Morbid curiosity inspired me to turn on the TV early yesterday afternoon to see a little live coverage from Cleveland. By complete chance I saw all of Scott Baio’s little speech. Later, I explained to Lilly who that was: “You know the concept of A-list celebrities, right? He’s a D-list celebrity.” Guess the Fonz isn’t in the Trump camp. He never did suffer bullies gladly.
I’m not the person to describe RTX 2016 in any coherent way. That’s because of my willful ignorance, something I disapprove of in many situations, but not when it comes to pop culture. The only sane reaction to pop culture is willful ignorance: pay attention to whatever interests you, roundly ignore the rest, which is most everything.
RTX stands for Rooster Teeth Expo. According to Rooster Teeth itself, “Rooster Teeth Productions is recognized as one of the world’s leading innovators in the field of entertainment production. Over the past 11 years, we have built a global community of highly engaged and dedicated viewers. From podcasts and gameplay videos to one of the fastest growing consumer shows in the U.S., Rooster Teeth continues to become a main hub for community, gaming & entertainment.”
Fine. Good for them. I’d still be wholly ignorant of them except that Ann is a viewer — how “engaged and dedicated,” I couldn’t say, but enough to tell me earlier this year that she wanted to go to RTX, which was in Austin (the company’s hometown) July 1-3. I probably surprised her when I told her attending the show could be part of a longer trip to Texas, and we’d time things to be in Austin on one of those days.
So on July 2, we found ourselves at the Austin Convention Center, site of RTX. I saw crowd scenes.
The exhibit hall was remarkably like that of any other convention I’ve been to — rows and rows of booths featuring companies promoting themselves and their products. The difference being that almost all the products, including media productions and games and whatnot, were completely unfamiliar to me, and none of the attendees were wearing ties. But Ann knew a lot about the products, including many of the characters. All of these, for instance.
She told me who the girl in bird feathers was supposed to be, but I’ve forgotten. I will give the various cosplayers I saw points for effort. Some of the costumes looked like a lot of work.
Toward mid-day, we watched a panel discussion featuring the top guy at Rooster Teeth and some of his top creatives. They filled a ballroom with a few thousand people. At the beginning, they screened a brand-new episode, if that’s the right word, of an online show called “A Million Dollars, But…” The conceit of the show is that you can have a million dollars, but you have to put up with some onerous, and frankly magical, condition (and not, say, paying high taxes on it).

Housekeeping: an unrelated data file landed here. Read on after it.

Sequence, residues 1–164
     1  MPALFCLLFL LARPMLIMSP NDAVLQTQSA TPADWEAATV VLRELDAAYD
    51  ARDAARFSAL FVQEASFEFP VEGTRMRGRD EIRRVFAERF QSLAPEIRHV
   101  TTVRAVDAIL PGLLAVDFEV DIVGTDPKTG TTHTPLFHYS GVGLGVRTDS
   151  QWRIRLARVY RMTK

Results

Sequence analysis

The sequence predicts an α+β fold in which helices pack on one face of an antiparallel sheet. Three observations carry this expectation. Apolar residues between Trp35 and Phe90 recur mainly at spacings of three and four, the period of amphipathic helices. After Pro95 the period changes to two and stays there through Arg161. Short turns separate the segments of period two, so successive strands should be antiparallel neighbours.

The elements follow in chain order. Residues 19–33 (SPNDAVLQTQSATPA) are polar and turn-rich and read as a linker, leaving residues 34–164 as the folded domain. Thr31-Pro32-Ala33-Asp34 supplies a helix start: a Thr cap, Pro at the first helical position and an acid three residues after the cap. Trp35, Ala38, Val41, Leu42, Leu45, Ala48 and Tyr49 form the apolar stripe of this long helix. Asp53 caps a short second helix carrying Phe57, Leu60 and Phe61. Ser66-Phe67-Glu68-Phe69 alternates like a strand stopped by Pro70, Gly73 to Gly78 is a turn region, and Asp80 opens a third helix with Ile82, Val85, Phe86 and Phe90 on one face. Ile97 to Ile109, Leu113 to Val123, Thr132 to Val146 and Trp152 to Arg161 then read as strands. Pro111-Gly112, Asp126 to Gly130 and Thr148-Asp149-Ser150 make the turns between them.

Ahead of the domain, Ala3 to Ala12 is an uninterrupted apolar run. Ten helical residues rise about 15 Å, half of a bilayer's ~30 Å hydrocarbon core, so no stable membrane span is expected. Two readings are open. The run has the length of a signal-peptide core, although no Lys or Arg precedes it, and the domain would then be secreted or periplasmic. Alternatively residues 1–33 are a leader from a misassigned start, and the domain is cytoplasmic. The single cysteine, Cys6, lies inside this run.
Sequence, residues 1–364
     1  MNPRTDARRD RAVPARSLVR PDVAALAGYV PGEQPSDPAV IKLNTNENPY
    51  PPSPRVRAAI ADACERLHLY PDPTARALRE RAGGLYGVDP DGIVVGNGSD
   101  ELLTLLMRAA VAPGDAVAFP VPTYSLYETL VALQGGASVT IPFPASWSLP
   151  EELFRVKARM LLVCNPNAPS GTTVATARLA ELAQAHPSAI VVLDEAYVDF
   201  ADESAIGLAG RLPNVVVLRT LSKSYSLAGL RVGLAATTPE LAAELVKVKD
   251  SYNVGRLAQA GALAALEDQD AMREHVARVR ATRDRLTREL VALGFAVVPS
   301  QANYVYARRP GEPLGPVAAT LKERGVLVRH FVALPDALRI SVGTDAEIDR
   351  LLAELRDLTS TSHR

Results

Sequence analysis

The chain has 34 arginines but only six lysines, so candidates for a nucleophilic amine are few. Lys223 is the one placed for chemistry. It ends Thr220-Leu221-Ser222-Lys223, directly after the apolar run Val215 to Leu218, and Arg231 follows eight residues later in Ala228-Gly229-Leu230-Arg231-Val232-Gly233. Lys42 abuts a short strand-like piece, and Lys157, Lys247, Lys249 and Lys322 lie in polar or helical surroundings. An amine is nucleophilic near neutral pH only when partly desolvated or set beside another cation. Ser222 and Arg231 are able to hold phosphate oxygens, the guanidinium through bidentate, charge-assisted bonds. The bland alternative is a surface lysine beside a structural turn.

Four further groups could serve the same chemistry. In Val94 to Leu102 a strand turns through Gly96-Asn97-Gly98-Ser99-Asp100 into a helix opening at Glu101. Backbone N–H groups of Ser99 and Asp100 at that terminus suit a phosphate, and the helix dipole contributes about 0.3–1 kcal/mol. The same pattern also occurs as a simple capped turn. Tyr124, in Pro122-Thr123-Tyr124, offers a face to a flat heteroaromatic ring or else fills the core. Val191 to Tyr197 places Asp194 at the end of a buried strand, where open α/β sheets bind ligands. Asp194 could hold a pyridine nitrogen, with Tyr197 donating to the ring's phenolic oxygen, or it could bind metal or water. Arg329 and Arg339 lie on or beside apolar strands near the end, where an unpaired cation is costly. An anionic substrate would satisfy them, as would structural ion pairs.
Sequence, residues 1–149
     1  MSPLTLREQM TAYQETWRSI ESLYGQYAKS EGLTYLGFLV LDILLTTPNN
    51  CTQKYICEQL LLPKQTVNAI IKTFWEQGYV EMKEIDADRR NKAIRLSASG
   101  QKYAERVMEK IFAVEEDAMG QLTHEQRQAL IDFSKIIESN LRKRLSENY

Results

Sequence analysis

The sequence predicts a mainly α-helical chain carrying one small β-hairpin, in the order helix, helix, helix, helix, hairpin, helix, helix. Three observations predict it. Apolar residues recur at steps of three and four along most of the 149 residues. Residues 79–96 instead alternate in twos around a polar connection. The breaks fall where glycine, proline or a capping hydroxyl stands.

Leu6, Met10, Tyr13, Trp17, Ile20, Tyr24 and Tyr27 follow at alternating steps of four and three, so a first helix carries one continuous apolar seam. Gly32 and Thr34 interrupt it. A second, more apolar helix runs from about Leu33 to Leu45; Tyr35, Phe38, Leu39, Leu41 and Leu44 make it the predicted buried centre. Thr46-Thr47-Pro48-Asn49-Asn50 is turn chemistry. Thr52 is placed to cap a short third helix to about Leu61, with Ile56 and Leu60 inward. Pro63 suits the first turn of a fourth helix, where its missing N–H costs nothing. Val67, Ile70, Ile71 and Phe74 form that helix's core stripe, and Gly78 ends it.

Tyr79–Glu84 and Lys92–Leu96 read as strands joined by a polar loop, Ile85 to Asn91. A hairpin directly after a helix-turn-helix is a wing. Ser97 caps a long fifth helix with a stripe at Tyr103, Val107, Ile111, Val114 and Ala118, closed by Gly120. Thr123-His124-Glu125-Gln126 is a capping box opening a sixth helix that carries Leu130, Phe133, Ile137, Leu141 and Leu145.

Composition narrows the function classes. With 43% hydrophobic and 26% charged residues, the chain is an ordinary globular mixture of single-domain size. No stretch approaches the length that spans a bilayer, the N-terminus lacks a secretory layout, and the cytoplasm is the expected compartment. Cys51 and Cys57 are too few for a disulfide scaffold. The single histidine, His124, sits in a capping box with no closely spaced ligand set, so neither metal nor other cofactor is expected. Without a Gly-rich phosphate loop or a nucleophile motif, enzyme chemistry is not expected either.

Let’s call it juvenile entertainment. A few of the bits in the episode were funny, but hearing about how it’s put together strained my patience. I’m not the intended audience anyway. But I have to note that not all of the audience were kids — not in the chronological sense. I’d put most of the attendees in their early to mid-20s.
We also attended a performance by a couple of singers, a man and a woman. They were reasonably talented and did songs from various shows, mostly Internet-based (I think). Ann seemed to know most of the tunes. I knew none of them. Time flies, new things happen. Toward the end, the man said, “We always close with a song I’m sure virtually all of you know.”
Then they launched into a song I didn’t know. Turned out to be the theme from Pokemon. Of course I’ve heard of that cartoon. It would take more than willful ignorance to keep from hearing of it, even before Pokemon Go became the goldfish swallowing of the summer of ’16. But the theme? Somehow I never bothered with hearing it, certainly not enough to know it. Ann expressed some astonishment at this.
The last event we attended was a cosplay costume contest. Participants strolled from the back to the front of one of the meeting rooms, showing themselves off as they went up the center aisle. The moderators announced who they were, and who their costumes represented. I actually had heard of a few of them, such as one of the iterations of Batman and Luigi, the brother of Mario, though as far as I’m concerned, Mario Bros. is just an arcade game I never played much.
I was struck by the fact that the participants mostly weren’t interested in playing characters from Star Trek or Star Wars or other such longstanding and well-worn tales. They wanted newer characters. That’s probably a good thing.
If I remember right, this fellow was best in show. I don’t know who he’s supposed to be, but it’s an impressive outfit all the same. Mostly Styrofoam, from the looks of it.
I wore my Gen. Jack D. Ripper PURITY OF ESSENCE t-shirt to the event. I figured he, too, is a fictional character of some import, even if only to earlier generations. As I suspected, I got no reaction to it, not even many quizzical looks, until just before we left the event. We were walking down the main corridor of the convention center, when suddenly a young man walking the other way said, Wow! right at me.
I was startled, but he quickly explained: “Where did you get that shirt? I spent the last two years of high school quoting Dr. Strangelove all the time.” Good to know that that movie isn’t completely lost on youth. I told him I didn’t remember the exact name of the web site where I bought it, but that the shirt should be easy enough to Google. As indeed it is.
Finally, there was this performer, BE INCREDIBLE.
Actually, he had nothing to do with RTX. We took a bus to and from the event, and when we returned, the bus let us off on South Congress a few blocks north of the Austin Motel — and there he was, busking.
Maybe not incredible, but he had some good moves. I put a dollar coin in his bucket.